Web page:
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Healthy Branding for MedTechs

The main things about branding for B2C MedTech products and services

B2C MedTech market is big, but is still in its nascent form, resulting in largely uniform branding. In order to not appear as snake oil salesmen wheeling through town on the way to the next, medtech startups stick to predictable blueish-greenish colors, bland photos, crosses as an obvious and heavy-handed allusion to healthcare. Compassion at arm’s length.

For the branding of a medtech product to achieve the desired results, it needs to be empathetic yet not familial. It shouldn’t be too clinical. For example, here’s the website of a dental clinic that largely eschews all the clichés you’ve come to expect in anything dentistry-related:

In our project for TL Dental, we focused on taking the edge off dentists visits that we think of as uncomfortable at best, and created a soft and inviting style using a pastel color scheme for comfort

What medtechs need right now is to not only show their results, and but to also cultivate their bedside manner.


There’s nothing more personal than our health issues. This topic is sensitive and must be broached respectfully yet empathetically. While the B2B medtechs can stick to largely functional brand messages and simplistic websites, a B2C medtech has a complex problem: we don’t trust devices with our health. Put a man in a lab coat and in our eyes, he’ll immediately turn into a bona fide expert on all things medical, but an app needs to do a lot more convincing. At this time, we’re nowhere near used to medtechs in our lives as we are to, say, online banking.

Kranus is a German app that’s approved by The German Federal Ministry of Health and is prescribed for erectile dysfunction. It’s a sensitive subject, and for this project we’ve settled on a style that is measured and calm, with photos relatable for German men 30-75

Keep in mind that often enough, the audience for a medtech is split: it needs to communicate both to the customers and the medical professionals. The aforementioned Kranus is prescribed by doctors, so the branding needs to be compelling to them as well.

Types of MedTechs

There are all kinds of medtechs, depending on the technologies they use, what issues they treat and alleviate, their target audience; for branding purposes, we can divide medtechs into two big categories: apps and devices. The branding for medtech devices is more product-centric, whereas apps have a more pressing need to establish both an emotional connection and their medical authority.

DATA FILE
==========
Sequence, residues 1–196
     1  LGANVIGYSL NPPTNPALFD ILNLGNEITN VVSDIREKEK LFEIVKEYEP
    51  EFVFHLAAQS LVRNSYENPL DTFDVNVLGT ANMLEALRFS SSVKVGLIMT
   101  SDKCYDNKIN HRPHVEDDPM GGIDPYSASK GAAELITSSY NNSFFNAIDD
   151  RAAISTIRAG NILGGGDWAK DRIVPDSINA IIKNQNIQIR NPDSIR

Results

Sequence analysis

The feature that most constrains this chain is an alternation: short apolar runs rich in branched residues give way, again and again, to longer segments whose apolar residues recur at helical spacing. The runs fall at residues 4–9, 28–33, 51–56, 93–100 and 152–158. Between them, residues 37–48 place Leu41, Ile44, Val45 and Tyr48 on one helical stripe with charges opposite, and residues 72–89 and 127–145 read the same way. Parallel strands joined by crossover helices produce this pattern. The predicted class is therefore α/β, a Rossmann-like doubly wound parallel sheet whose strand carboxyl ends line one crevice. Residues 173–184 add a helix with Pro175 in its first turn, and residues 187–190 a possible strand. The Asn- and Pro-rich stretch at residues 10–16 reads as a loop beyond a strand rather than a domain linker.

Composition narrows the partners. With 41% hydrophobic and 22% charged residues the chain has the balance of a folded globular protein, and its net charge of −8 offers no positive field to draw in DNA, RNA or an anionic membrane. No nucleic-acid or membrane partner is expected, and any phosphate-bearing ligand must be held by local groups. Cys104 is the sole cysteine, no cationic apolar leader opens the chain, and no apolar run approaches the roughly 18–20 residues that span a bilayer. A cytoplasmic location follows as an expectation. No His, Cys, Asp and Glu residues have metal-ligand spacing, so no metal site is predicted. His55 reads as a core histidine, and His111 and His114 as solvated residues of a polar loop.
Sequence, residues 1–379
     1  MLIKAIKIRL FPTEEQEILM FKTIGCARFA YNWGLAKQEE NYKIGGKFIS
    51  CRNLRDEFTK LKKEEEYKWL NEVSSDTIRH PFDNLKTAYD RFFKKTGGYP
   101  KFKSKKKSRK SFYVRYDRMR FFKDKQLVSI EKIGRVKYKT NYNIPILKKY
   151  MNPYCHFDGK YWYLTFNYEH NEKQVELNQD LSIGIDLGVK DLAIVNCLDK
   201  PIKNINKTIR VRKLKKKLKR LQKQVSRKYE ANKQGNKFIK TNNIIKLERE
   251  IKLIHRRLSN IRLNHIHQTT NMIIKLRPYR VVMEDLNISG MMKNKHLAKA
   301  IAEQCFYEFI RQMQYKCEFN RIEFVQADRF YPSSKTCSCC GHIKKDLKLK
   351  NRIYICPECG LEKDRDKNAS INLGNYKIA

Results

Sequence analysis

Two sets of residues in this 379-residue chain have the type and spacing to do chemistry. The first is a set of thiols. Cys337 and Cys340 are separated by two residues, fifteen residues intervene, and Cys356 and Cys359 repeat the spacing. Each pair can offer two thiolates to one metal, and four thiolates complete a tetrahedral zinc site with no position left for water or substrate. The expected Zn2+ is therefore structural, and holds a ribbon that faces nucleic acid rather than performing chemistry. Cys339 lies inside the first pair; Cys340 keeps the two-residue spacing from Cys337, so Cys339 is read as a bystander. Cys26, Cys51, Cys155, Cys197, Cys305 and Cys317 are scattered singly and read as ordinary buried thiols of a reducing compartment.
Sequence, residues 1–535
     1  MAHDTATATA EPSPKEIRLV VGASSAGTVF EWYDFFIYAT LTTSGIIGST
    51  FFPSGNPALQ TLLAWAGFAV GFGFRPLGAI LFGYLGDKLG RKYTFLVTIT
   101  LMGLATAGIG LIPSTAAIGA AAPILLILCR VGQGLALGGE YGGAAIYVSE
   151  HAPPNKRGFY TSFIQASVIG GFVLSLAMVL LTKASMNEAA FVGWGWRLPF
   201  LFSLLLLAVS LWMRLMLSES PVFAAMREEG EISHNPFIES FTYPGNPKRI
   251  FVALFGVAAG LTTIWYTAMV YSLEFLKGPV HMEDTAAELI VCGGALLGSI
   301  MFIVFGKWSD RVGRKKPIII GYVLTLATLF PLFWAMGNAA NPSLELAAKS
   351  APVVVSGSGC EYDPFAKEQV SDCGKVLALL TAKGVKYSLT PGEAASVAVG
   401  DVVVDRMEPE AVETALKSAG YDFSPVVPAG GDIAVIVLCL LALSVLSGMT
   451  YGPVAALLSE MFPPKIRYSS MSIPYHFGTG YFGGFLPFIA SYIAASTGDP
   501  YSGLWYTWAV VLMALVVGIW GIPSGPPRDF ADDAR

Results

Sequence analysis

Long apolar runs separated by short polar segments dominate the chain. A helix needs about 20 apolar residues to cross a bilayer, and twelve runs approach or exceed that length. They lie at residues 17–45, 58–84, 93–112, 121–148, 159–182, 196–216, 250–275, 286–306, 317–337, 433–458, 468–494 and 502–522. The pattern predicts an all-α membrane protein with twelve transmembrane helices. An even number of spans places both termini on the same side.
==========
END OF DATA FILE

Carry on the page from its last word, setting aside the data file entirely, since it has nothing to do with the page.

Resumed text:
Types of MedTechs: Apps

Under this big umbrella we put telemedicine, self-diagnosis, pharmaceutical provider platforms, and many others. What matters for branding is that we interface with these medtechs through apps — all of these products need to come off as both compassionate and authoritative, which is not an easy balancing act.

In its branding Nurx, is the boldest medtech, empowers us to take agency over our wellbeing
Babylonhealth right on their first screen shows us a doctor (and a friendly informal one too, not even in a lab coat) and promises more, coupled with colorful and understanding messaging on their Instagram
Headspace, the app that helps with mindfulness, anxiety, stress, and good night sleep, is comforting and warm

Medtech apps aim to become the part of the user’s daily routine — they can’t be too showy, and they have to be user-friendly in both the UX and their presentation.

Types of MedTechs: Devices

As we’ve mentioned earlier, the branding for medtech devices is more product-centric. The most important thing is to showcase results, and then just a little extra personal touch in branding creates for memorable products.

AvaWomen produces a fertility tracker bracelet. The relatable photos of the actual patients are supported by endearing illustrations and a pleasantly muted color scheme
ABLE is a startup that produces a lightweight exoskeleton that restores the ability to walk. The branding focuses solely on the product and the results it achieves
In our project for TambuaHealth, a product that helps with diagnosing respiratory diseases, we show sound waves and vibrations that we produce as we breathe, to achieve a tranquil and meditate style


Medtechs have to deal with delicate, personal subjects — but detached and matter-of-fact branding is not the best solution. Healthcare products need to be caring, as they, often enough, treat literal pains. A little empathy goes a long way.

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